Constantine II (a.k.a. Causantín mac Áeda) lived from 874 to 952 and was King of Alba from 900 to 943. The wider picture in Scotland at the time is set out in our Historical Timeline.
He is perhaps best known for finally driving the Vikings out of mainland Scotland following the Battle of Scone in 904: though not before the Vikings had destroyed much of Alba. He then allied with the Northumbrians to take on the Vikings who had settled in Northumberland, defeating them at the second Battle of Corbridge, in 918. The result was, for the first time, that Alba had a fairly stable southern border.
Constantine reformed Alba in a number of ways. Under his reign the church became more Gaelic in its approach, and he introduced a system of Mormaer: earls or sub-kings responsible for looking after parts of the kingdom.
Building on improved relations with the Vikings, Constantine's daughter married Olaf III Guthfrithson, the Viking King in Dublin, in 937. The immediate result was an unhappy one. A joint army comprising Constantine's Scots and Olaf III Guthfrithson's Vikings was defeated at the Battle of Brunanburh by King Athelstan of England in 937. Amongst the dead was one of Constantine's sons, Cellach. This battle, whose location might have been anywhere from south-west Scotland to Humberside, was one of the most significant in the history of these islands as it effectively confirmed the status and approximate borders of "England". Following the battle the Scots abandoned Lothian, including Edinburgh, to Northumbrian rule.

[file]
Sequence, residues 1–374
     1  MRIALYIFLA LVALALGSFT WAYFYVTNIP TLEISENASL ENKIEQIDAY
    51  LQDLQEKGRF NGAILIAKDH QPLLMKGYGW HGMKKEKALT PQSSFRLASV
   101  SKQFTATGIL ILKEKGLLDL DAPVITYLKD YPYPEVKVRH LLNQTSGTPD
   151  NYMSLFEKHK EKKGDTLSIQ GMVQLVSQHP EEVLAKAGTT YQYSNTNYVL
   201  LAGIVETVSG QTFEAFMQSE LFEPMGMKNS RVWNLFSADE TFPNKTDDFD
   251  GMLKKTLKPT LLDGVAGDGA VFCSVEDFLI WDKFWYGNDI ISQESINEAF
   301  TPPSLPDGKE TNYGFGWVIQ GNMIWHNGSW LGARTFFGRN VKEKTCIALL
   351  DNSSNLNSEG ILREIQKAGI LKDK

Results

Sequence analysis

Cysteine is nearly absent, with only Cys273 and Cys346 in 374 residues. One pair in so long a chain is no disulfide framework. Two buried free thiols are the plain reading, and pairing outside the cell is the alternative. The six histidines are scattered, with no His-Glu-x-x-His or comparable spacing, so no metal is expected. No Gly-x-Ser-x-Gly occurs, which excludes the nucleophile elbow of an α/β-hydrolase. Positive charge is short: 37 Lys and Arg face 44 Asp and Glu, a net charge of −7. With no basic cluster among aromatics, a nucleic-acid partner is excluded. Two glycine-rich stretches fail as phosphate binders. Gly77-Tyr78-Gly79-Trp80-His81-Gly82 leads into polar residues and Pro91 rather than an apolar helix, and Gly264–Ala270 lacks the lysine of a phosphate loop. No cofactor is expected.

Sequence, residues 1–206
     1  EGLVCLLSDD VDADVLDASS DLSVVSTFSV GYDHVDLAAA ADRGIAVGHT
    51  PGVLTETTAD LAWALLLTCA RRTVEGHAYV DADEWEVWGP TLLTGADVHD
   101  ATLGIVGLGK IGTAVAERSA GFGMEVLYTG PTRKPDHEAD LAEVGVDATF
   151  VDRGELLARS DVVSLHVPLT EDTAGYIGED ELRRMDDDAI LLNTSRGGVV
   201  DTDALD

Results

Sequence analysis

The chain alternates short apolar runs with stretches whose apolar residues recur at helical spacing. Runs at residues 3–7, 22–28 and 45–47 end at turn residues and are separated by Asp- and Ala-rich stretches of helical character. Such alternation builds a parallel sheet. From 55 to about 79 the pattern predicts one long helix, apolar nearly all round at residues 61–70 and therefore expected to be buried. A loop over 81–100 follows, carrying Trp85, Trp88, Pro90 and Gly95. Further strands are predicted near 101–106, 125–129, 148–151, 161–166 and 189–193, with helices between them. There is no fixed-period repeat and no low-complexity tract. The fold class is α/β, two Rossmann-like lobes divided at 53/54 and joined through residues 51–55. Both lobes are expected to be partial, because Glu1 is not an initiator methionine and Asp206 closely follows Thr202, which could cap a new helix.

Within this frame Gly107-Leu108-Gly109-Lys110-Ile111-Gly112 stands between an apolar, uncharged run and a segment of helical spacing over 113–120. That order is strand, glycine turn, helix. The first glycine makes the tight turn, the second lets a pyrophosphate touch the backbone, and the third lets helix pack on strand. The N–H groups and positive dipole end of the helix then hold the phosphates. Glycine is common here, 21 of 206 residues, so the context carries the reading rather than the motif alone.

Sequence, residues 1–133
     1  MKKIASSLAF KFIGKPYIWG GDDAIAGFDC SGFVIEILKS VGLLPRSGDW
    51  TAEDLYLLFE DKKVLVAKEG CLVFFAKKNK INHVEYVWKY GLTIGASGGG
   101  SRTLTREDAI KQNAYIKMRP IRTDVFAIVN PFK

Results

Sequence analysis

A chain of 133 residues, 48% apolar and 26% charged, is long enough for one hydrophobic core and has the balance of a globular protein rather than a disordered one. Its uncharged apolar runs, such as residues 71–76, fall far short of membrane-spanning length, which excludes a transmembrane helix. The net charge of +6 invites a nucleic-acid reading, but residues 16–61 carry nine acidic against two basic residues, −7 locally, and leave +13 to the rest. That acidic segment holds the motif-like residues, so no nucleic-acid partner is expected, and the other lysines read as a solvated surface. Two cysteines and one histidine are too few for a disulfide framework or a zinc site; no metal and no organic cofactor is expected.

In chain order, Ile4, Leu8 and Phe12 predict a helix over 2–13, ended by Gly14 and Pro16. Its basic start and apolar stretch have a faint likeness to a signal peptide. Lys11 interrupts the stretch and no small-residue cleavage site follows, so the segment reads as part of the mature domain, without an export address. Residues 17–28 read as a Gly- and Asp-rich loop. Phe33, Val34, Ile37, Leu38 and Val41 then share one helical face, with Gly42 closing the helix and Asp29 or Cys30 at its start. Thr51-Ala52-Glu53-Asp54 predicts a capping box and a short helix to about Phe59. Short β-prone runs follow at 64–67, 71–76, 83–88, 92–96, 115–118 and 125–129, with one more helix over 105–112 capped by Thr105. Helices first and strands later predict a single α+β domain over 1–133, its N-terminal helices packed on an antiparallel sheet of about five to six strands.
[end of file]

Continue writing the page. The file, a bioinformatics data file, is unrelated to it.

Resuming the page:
In 943 Constantine II abdicated, leaving the way clear for Malcolm I to succeed him. He retired to the Culdee Monastery at St Andrews in Fife, where he was probably buried after his death in 952. Despite his early abdication, Constantine's was the second longest reign of any Scottish monarch.